Writer's Block

4 Ways to Help Battle Writer’s Block

One of the literary world’s oldest pet hates. Writer’s Block forms a hurdle we often struggle to get over. It can be done, however. I suggest a few ways how…

I want to address an issue that affects all of us, whether we’re jobbing authors, amateurs, or people trying to start out. Namely, the condition known as writer’s block. It can render us completely unproductive for weeks, months, years in some cases. I myself am a repeat sufferer; it can be very frustrating when you do actually want to work but just can’t find the drive, the motivation, the inspiration, the mood… the words. But I have found that there are a few things you can do to get past it.


The first thing to do when the words for your own work aren’t quite flowing is to read. Reading is something you ought to be doing anyway; it can equip you with vocabulary, a familiarity with the style and form of literature. I tend to find it helps to read work that is similar in style or genre to what you’re working on – maybe even by an author who inspires you. And this extends into battling writer’s block. I know during my most recent spell earlier in the year, I wasn’t really reading anything similar to You Can Hear Chopin, my current work in progress. And then I started reading Alone in Berlin by Hans Fallada, and steadily, after absorbing the environment and the tone of that novel, I began to sort of piece it together in my mind of how I could inject that influence into my own writing at the point of the story that I had reached at that time.

For people who are more visual consumers, I would say it’s not unacceptable to watch films or series, if you find them more inspiring. When writing the Berylford books, I often had a Dickens or Austen adaptation on in the background and that would urge me along.


I recommend this a lot for people who want to get into writing but are not sure where to start. It is also great for writer’s block. If you hit a road bump in your story where you think, “Meh, I don’t really know where to go from here,” or you just lose your flow and can’t get it back again, my suggestion to you is to take a step away from the current project.

Start a new document and just write whatever comes into your mind. Just type. Whether it’s about your day, or another story idea you’ve been sitting on for ages. I do find that when you have several ideas that you want to work on at the same time, it does rob you of the motivation to focus on your current piece of work. Set yourself a time limit, whether that’s five, ten, whatever minutes of just writing, and then come to a stop. You can obviously get rid of anything you don’t like; keep anything you do. It might not work first time, but this idea of free writing might push you back in the right direction to finish your work.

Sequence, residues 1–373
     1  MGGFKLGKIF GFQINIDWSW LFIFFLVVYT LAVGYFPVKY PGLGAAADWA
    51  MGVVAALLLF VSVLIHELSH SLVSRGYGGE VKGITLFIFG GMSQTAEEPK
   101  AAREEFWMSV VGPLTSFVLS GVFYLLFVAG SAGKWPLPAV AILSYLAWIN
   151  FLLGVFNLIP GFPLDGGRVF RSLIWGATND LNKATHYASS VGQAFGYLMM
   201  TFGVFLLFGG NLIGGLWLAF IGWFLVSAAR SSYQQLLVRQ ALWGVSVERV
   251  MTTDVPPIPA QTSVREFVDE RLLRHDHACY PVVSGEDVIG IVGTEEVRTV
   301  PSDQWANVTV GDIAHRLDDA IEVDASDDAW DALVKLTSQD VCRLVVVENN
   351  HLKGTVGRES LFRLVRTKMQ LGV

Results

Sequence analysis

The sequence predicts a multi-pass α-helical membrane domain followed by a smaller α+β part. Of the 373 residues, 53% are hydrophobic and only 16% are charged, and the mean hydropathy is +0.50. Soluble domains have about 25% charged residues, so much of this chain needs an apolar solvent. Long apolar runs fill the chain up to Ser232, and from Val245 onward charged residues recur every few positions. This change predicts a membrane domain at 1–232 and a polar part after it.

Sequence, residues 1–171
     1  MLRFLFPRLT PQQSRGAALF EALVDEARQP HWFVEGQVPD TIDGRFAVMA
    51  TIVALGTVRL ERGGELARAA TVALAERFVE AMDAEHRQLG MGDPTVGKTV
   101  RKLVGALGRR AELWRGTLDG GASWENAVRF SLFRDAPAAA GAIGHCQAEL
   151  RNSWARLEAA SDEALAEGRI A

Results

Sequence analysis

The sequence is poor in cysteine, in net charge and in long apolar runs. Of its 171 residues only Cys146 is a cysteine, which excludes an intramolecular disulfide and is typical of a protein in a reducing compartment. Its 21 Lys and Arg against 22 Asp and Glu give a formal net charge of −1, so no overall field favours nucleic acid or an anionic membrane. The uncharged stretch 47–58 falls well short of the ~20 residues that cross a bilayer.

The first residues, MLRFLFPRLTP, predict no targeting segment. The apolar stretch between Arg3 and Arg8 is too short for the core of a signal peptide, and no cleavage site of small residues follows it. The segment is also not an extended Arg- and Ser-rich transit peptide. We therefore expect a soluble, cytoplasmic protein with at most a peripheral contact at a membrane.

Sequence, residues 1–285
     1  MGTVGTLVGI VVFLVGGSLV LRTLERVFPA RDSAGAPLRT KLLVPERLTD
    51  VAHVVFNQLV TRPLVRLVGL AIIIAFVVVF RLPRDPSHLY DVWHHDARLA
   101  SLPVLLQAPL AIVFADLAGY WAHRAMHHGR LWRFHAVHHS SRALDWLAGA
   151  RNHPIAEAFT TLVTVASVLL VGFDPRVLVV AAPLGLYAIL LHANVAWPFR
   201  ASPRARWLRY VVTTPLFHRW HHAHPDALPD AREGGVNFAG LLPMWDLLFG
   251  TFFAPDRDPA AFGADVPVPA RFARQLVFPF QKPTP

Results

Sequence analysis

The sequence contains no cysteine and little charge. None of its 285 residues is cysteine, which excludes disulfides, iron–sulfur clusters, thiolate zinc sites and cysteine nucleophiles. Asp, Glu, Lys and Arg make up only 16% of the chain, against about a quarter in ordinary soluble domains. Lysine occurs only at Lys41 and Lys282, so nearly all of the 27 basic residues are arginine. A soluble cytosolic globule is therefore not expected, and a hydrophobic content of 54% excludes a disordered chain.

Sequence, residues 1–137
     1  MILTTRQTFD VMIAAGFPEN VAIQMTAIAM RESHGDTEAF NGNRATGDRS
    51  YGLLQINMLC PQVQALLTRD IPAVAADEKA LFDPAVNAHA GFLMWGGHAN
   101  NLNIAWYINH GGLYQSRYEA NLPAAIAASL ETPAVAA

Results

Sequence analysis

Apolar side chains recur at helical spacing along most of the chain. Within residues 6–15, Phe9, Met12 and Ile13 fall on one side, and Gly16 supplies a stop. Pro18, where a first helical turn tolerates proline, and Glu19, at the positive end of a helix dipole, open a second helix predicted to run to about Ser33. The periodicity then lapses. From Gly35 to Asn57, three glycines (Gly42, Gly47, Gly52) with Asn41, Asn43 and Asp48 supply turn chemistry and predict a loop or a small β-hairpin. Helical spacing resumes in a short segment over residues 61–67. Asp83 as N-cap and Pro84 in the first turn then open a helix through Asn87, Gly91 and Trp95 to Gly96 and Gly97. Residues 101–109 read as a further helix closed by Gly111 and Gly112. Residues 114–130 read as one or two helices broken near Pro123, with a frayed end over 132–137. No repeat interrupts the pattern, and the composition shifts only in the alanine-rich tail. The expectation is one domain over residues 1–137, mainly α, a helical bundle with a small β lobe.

Lately, I have been working on You Can Hear Chopin in my free time while at work. Just five- or ten-minute bursts. But I’ve been writing it all down by hand in a notepad. And then when I get home, I re-type it from there, and often edit myself as I go, so it’s almost like proof-reading a first draft in the process. I think because the act of writing by hand is actually relaxing to the brain that it feels much more natural, a much smoother process. I often find if I’m struggling to get something out on the screen that getting it down on paper with a pen really does help.


You may have heard people have their best ideas while in the shower or while chopping vegetables or suchlike. And there is some truth in that. The creative juices tend to flow during monotonous, everyday tasks, when your mind can wander. Referring back to my last point, I started trying to work on my book at work. That’s because what I do is so repetitive, it is activating the creative part of my brain to work on You Can Hear Chopin as soon as I can. I can’t leave it until I get home from work. I discovered this early on. Doing the job I do, I’d be all inspired by lunchtime and think, “Yep, I’m going to do some writing when I get home,” but when I got there, I’d be like, “Nah, too tired now”. In short, do your monotonous task, get thinking about whatever you’re writing, and, if you feel inspired, act on it as soon as possible. Don’t give that creativity a chance to turn off again.

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